When God created the heaven and the earth and all things that are upon the earth, He kept saying, "It was good" (Genesis 1:4, 10, 12, 18, 21, 25). Then when God created man in His own image He looked and said, "It was very good" (1:31). God rejoiced in His works. He was glad in what He had done.
Redemption is not a heavy work for God. God didn't find Himself in a fix and have to rush off somewhere and try to get "foreign policy" straightened out with the archangels. God did what He did joyfully. He made the heaven and the earth joyfully. That's why the flowers look up and smile, and the birds sing and the sun shines, and the sky is blue and rivers trickle down to the sea. God made the creation and He loved what He did!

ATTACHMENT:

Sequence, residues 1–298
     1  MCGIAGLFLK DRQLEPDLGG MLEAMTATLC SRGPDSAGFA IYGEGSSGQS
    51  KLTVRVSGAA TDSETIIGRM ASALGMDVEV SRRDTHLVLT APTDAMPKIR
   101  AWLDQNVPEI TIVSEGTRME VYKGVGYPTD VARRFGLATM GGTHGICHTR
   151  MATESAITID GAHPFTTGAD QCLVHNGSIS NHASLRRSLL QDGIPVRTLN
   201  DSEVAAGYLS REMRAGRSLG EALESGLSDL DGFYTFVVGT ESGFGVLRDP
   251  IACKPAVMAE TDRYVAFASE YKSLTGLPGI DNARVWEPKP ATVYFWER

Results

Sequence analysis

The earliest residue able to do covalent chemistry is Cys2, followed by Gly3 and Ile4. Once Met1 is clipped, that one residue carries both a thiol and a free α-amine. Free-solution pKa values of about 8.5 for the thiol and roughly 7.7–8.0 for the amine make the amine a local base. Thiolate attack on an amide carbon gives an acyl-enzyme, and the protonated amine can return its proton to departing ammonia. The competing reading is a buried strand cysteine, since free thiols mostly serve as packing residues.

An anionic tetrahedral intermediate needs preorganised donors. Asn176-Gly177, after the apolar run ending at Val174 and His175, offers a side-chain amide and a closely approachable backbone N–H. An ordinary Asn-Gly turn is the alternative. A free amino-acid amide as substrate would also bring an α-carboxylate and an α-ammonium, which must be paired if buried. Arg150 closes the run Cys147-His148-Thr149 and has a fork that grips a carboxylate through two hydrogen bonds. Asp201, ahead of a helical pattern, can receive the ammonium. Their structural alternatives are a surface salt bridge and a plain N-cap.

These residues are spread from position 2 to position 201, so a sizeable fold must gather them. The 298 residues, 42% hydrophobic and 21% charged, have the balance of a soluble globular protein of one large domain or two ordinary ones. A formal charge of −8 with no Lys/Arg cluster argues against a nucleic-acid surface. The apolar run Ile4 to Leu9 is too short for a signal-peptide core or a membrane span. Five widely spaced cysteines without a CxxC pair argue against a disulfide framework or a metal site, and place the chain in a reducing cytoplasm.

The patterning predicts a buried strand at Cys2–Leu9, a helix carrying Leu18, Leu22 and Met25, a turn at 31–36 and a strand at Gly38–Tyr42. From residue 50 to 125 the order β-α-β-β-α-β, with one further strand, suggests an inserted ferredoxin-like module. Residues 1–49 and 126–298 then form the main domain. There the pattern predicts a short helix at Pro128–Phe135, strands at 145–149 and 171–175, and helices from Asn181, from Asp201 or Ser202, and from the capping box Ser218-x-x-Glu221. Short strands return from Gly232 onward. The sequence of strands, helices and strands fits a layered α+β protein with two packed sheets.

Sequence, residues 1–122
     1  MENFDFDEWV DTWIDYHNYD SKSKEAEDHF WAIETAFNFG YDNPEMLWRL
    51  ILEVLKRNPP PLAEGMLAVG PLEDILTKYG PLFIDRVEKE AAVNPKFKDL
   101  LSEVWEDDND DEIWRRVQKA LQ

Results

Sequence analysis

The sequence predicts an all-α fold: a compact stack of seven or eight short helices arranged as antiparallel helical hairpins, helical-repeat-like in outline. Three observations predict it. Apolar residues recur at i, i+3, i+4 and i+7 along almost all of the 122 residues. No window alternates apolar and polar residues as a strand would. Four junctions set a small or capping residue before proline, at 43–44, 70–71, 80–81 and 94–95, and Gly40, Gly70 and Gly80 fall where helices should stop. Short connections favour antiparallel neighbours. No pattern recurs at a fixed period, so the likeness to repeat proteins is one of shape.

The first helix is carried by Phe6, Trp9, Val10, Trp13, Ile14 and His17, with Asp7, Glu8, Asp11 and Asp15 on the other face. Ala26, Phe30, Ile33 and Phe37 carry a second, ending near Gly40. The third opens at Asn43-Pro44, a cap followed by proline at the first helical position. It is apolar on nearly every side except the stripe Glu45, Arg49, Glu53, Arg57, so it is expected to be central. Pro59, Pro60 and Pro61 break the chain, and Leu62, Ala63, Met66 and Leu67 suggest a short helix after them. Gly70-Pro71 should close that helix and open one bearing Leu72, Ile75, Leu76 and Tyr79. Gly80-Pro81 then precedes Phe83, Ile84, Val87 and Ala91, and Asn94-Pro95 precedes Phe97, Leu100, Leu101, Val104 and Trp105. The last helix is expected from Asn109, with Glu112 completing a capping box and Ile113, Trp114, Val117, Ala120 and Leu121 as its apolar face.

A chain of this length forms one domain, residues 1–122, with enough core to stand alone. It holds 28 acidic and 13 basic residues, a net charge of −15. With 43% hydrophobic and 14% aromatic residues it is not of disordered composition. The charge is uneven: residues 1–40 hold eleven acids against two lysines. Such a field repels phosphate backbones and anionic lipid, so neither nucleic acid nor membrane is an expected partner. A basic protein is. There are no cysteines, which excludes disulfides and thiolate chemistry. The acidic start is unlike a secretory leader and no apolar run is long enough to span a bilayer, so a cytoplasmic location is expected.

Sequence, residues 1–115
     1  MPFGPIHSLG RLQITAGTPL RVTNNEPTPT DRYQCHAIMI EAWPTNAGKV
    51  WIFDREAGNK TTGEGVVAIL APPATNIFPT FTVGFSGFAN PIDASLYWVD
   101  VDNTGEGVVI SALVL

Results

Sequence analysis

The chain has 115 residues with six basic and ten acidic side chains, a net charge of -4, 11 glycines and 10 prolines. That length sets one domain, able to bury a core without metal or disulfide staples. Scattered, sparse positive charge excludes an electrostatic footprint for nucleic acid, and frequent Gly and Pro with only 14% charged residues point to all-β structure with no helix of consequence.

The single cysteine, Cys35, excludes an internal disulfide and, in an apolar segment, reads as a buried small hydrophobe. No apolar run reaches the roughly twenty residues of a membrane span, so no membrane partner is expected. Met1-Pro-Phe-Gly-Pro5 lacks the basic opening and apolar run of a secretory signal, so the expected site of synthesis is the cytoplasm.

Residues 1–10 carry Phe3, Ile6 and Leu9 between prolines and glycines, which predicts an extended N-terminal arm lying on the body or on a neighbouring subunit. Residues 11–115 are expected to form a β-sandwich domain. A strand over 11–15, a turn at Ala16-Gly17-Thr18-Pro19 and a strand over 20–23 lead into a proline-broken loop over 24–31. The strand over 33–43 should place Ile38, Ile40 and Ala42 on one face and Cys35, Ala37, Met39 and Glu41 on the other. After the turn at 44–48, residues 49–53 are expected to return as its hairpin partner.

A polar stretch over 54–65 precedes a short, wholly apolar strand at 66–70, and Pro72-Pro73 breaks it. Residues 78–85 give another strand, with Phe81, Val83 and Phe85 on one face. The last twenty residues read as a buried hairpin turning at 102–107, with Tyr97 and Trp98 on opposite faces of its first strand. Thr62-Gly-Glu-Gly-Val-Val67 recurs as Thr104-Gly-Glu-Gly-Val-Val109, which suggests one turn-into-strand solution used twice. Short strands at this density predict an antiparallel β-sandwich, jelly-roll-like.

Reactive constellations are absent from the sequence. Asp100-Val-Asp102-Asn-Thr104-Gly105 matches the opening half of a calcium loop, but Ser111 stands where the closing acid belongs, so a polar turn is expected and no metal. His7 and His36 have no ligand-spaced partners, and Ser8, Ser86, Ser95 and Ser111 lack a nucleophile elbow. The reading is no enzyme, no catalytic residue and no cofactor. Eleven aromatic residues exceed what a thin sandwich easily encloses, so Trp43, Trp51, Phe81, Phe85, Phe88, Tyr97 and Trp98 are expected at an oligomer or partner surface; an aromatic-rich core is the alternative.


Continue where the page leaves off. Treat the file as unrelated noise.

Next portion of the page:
He took pleasure in Himself, in His own perfection and in the perfection of His work. And when it comes to redemption, I repeat that this was not a heavy task laid upon God by moral necessity. God wanted to do this. There was no moral necessity upon God to redeem mankind. He didn't have to send His Son Jesus Christ to die for mankind. He sent Him, but at the same time Jesus did it voluntarily. If God was willing, it was the happy willingness of God.
A mother doesn't have to get up and feed her baby at 2 in the morning. There's no law compelling her to do it. The law probably would compel her to take some care of the little tyke, but she doesn't have to give him that loving care that she does. She wants to do it. I used to do it for our little fellows, and I enjoyed doing it. A mother and a father do what they do because they love to do it.